For Kiarostami the road is not a metaphor, the journey is not an allegory. These are concrete realities, situated in a precarious world that is frequently disrupted by earthquakes, hostile animals and screaming, narcissistic children. He approaches these phenomena with a deceptive simplicity -- stationary camera, long takes when possible -- and a human decency that puts him somewhere among Renoir, Ozu and McCarey. His road trips are a hard slog along oftimes damaged roads, but the sound of the wind in the trees and the sight of mountains in the distance is a beautiful payback for the effort.

The Kiarostami film series will be running at MoMA through March 19, the media installations will be there through May 28. The photo exhibit is at P.S. 1 through April 29.

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Press screenings have started for New Directors/New Films, the annual spring fling by the Film Society of Lincoln Center and the Museum of Modern Art. I'll have more to say next week, when can actually get to some of the screenings. Last week, I was laid up with some bizarre combination of a stomach bug and what I fear is a nascent kidney stone (I had one of those monsters five years ago, so apparently I'm do for a recurrence; how do I get to be so lucky?). The result was that I saw nothing of the first seven films. And I will be in Los Angeles and Santa Barbara the rest of this week and Monday; I'm the critic-in-residence at the Santa Barbara Jewish Film Festival (and if you're interested in catching my act, go here for information). After that I fully expect to see all -- well, most -- of the remaining ten films in the series.

That said, I must admit that the two films I have seen so far, the Iranian drama Gradually by Maziar Miri, and an American indie comedy, The Great World of Sound, directed by Craig Zobel, have been pleasant experiences and, I hope, harbingers of things to come.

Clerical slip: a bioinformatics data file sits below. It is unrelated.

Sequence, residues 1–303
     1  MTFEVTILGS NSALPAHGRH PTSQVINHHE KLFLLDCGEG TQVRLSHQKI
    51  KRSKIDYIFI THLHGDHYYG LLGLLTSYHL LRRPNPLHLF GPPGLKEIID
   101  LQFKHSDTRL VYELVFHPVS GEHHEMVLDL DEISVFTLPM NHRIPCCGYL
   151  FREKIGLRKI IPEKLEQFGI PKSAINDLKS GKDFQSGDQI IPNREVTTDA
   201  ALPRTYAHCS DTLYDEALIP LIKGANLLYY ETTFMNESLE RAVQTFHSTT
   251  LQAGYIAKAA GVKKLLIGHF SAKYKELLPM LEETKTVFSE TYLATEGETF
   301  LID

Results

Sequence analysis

Gradually is a film that apparently has been banging around the halls of Iran's artistic bureaucracy for a while. Miri's background is in television, where he graduated from editing to directing, and Gradually has a few of the rhythmic tics that I associate with features by ex-editors. The film's over all pace is a bit sluggish and the final third feels a bit hurried. How much of that is the result of re-editing (this film has had running times of 74, 77 and 81 minutes) is hard to say. But there is definitely something going on here that is worth a look.

The plot of Gradually is fairly simple. Mahmoud (Mohammad-Reza Foroutan) is a welder who works several hours away from his Teheran home on the construction of a new railroad line. He is abruptly called home when his wife, who has a history of unnamed mental illness, disappears with their little girl. He sets out to find her and gradually becomes aware that she has become the subject of neighborhood gossip. When a corpse that resembles her closely turns up in the local morgue, Mahmoud reluctantly identifies it as her. Regrettably, after that, the film veers away from this straightforward story-line in ways that disrupt the narrative flow of the film. Things take a turn for the worse when Miri inexplicably shifts point-of-view in the film's last third. Yet there is an undeniable talent at work here. The acting is uniformly excellent, particularly by Faroutan, who looks like the young Burt Reynolds, and the film has texture to burn, which makes its moodiness quite effective. Miri is a director who bears watching.